Convicted fraudster Jim Bakker and his church are paying up over claims that a health supplement could cure COVID-19.
Bakker, 81, and his Missouri-based Morningside Church Productions Inc. agreed to a $156,000 settlement in a Tuesday court filing, the Associated Press reported. The settlement follows a lawsuit accusing the pastor of claiming a product called Silver Solution, a colloidal silver supplement, could cure the novel coronavirus on 11 episodes of his streaming TV series, “The Jim Bakker Show,” during February and March of 2020.
The solution, which Bakker is not the first to tout as possessing immune system-boosting powers, can cause human flesh to turn blue over time and have other serious side effects, according to the National Center for Complementary and Integrative Health, a federal agency.
“This influenza that is now circling the globe — you’re saying that Silver Solution would be effective?” Bakker asked Sherrill Sellman, whom he referred to as a “natural health expert” and “naturopathic doctor” on a February 12 episode.
Jim Bakker and his first wife, Tammy Faye Bakker, in 1987. Ralph Dominguez/MediaPunch/Media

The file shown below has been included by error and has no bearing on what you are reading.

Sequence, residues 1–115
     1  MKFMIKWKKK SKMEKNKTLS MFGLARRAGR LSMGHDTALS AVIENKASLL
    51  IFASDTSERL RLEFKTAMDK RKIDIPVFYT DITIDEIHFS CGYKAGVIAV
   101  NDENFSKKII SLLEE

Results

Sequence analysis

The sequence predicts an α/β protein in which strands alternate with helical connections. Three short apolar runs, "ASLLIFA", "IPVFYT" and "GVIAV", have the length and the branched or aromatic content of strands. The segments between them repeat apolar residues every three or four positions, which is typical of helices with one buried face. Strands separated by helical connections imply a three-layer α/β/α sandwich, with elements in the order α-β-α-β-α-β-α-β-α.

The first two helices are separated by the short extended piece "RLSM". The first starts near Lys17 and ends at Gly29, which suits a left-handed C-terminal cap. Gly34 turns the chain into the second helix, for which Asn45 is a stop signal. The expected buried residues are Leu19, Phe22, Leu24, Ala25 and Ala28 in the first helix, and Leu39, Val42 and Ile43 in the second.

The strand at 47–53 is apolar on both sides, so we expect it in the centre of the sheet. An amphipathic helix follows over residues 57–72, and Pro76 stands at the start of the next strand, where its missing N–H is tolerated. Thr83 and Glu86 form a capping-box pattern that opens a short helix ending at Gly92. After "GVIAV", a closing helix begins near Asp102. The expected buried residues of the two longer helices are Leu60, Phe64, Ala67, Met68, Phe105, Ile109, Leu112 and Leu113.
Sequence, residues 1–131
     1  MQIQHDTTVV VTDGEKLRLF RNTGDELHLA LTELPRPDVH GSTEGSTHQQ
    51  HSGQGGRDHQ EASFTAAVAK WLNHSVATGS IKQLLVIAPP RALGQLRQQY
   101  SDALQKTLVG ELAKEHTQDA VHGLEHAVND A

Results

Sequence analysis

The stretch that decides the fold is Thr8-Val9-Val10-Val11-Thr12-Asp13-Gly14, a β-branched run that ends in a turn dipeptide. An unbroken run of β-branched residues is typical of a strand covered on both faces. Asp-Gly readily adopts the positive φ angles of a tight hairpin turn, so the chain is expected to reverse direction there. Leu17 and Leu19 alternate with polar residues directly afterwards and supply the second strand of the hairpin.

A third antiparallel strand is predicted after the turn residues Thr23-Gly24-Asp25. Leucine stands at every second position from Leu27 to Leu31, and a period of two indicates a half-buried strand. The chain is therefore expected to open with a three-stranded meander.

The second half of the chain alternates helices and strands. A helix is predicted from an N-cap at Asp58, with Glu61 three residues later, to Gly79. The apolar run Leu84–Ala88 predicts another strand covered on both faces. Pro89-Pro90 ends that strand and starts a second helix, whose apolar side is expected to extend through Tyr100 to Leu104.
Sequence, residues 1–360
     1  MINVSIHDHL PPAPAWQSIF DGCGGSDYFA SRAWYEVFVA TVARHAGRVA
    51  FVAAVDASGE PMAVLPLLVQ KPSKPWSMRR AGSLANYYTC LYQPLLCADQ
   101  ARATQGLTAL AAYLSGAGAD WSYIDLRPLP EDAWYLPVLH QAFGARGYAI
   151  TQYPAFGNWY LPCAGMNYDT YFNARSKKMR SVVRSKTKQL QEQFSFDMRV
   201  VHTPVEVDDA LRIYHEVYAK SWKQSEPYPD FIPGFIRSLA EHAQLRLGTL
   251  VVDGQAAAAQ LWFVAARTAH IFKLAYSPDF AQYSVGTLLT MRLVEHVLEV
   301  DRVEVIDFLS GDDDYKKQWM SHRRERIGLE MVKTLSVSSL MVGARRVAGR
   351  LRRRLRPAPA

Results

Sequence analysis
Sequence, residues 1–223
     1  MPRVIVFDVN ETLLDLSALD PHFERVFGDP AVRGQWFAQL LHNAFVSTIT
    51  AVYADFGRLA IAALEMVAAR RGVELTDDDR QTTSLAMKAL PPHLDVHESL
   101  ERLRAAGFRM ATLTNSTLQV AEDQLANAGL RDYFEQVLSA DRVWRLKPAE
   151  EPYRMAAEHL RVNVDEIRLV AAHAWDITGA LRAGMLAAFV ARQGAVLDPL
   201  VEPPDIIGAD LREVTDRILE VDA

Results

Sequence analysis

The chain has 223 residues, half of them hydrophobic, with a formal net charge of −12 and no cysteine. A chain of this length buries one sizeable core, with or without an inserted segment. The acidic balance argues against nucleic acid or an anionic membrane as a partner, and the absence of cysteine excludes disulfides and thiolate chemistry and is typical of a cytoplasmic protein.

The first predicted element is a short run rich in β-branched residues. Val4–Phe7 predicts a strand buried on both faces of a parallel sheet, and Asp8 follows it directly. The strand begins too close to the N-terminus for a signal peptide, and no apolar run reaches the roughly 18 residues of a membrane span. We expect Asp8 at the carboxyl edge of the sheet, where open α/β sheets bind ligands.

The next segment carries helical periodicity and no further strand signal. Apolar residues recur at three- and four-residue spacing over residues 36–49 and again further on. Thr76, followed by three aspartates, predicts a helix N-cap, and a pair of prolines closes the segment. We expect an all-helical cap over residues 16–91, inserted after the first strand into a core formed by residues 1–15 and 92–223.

“Well, let’s say it hasn’t been tested on this strain of the coronavirus, but it has been tested on other strains of the coronavirus and has been able to eliminate it within 12 hours,” Sellman answered, according to the lawsuit.
“Yeah,” responded Bakker.
“Totally eliminate it, kills it. Deactivates it,” Sellman then said.
In addition to requiring that Bakker refund those who bought Silver Solution following his televised promise, the settlement also bans both Bakker and his church from selling or advertising the form of colloidal silver “to diagnose, prevent, mitigate, treat or cure any disease or illness.”
Bakker has already paid back many of those who made an $80 to $125 contribution to his program in exchange for Silver Solution and must now pay back an additional $90,000 to others, according to a press release from Missouri Attorney General Eric Schmitt on Wednesday.
In a joint statement from Bakker, his attorneys and Morningside Church Productions, the group said that the settlement had “no findings whatsoever that our clients violated any laws or misled” consumers, and they are happy the matter is settled, so they can “continue the important work of Morningside Church,” the AP reported.